Corpse Flower Blooms at Cal State University, Long Beach

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A corpse flower named “Phil” housed at Cal State University, Long Beach, opened its petals for a rare and short-lived bloom on Sunday, unleashing the acrid odor for which it’s famous.

The bloom has been anticipated for weeks, with CSULB biologists posting regular updated on Phil’s progress via social media.

Cal State University, Long Beach's corpse flower, named "Phil," bloomed and released it's trademark rotting-flesh odor on June 2, 2019. (Credit: KTLA)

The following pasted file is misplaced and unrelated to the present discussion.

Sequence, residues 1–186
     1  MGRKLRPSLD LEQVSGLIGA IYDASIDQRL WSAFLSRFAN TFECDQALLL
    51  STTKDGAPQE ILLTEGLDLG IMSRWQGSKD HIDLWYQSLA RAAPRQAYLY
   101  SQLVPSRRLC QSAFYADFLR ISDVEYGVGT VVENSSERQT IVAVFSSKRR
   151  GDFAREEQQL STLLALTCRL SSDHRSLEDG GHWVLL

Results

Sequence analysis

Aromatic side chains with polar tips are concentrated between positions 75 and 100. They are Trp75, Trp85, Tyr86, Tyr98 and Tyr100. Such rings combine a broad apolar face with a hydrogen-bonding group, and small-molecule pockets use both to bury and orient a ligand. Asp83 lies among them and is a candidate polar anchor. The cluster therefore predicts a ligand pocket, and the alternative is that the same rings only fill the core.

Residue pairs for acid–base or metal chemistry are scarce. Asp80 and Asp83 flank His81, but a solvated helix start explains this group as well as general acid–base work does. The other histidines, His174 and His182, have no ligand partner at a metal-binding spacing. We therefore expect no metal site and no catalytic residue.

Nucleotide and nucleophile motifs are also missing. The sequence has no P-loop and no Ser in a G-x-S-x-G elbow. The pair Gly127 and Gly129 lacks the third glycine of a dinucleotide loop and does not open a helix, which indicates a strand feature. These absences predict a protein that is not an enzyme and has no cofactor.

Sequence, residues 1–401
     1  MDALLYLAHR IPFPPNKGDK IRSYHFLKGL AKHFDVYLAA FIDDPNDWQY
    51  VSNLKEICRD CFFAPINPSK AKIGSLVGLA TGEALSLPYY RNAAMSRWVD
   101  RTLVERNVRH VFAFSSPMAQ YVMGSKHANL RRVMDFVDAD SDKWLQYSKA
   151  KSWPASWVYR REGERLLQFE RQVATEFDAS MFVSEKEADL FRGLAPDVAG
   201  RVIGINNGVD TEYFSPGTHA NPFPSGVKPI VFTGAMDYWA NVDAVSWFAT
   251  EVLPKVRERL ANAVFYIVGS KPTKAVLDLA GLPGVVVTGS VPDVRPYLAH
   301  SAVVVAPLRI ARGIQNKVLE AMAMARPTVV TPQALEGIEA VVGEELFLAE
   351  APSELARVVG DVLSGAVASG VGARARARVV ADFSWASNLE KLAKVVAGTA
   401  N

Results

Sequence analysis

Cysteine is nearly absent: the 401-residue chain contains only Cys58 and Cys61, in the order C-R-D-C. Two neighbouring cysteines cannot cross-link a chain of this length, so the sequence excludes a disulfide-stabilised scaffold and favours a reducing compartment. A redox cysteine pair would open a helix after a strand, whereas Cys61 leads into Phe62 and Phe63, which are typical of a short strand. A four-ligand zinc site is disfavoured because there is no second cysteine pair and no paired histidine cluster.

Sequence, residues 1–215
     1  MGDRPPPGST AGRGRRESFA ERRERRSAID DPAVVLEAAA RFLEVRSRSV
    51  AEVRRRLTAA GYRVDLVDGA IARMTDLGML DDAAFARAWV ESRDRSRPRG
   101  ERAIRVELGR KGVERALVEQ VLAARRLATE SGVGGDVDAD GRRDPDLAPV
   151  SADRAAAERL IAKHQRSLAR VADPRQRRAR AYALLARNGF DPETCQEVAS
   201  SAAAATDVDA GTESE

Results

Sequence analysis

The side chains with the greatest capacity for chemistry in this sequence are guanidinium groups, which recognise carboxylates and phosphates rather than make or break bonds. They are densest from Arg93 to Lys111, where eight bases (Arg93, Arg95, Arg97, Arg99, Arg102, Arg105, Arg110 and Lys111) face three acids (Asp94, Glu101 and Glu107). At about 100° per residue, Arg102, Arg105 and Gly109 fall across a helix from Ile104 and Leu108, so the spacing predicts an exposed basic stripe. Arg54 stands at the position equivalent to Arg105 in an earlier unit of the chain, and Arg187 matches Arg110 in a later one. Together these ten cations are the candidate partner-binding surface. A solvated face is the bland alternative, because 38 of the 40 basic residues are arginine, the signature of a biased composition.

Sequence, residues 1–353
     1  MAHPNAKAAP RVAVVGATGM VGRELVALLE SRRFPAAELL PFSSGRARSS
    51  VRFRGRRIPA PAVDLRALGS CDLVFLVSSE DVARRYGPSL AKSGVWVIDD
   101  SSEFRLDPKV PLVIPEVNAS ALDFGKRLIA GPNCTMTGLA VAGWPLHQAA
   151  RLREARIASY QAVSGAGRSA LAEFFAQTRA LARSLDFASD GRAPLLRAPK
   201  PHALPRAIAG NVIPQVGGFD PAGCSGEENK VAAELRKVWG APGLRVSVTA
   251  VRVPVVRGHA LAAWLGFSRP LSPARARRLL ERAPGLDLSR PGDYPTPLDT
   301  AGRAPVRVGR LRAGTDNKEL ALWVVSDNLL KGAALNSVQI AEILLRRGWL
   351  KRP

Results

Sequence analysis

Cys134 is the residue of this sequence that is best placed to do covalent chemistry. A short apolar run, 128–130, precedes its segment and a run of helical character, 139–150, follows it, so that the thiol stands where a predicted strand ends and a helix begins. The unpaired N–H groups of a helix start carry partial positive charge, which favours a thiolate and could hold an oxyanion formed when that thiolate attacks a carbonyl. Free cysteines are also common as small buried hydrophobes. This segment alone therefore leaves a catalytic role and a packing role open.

Cal State University, Long Beach’s corpse flower, named “Phil,” bloomed and released it’s trademark rotting-flesh odor on June 2, 2019. (Credit: KTLA)

Viewing was being held throughout the day before the 11-year-old, 5-foot 8-inch tall flower closes up. Corpse flower, or amorphophallus titanum, blooms generally occur once every several years and last only about two days.

Availability on Monday was expected to be determined after morning observations.

More information is available on CSULB’s web site.

John Fenoglio reports for the KTLA 5 News on June 2, 2019.

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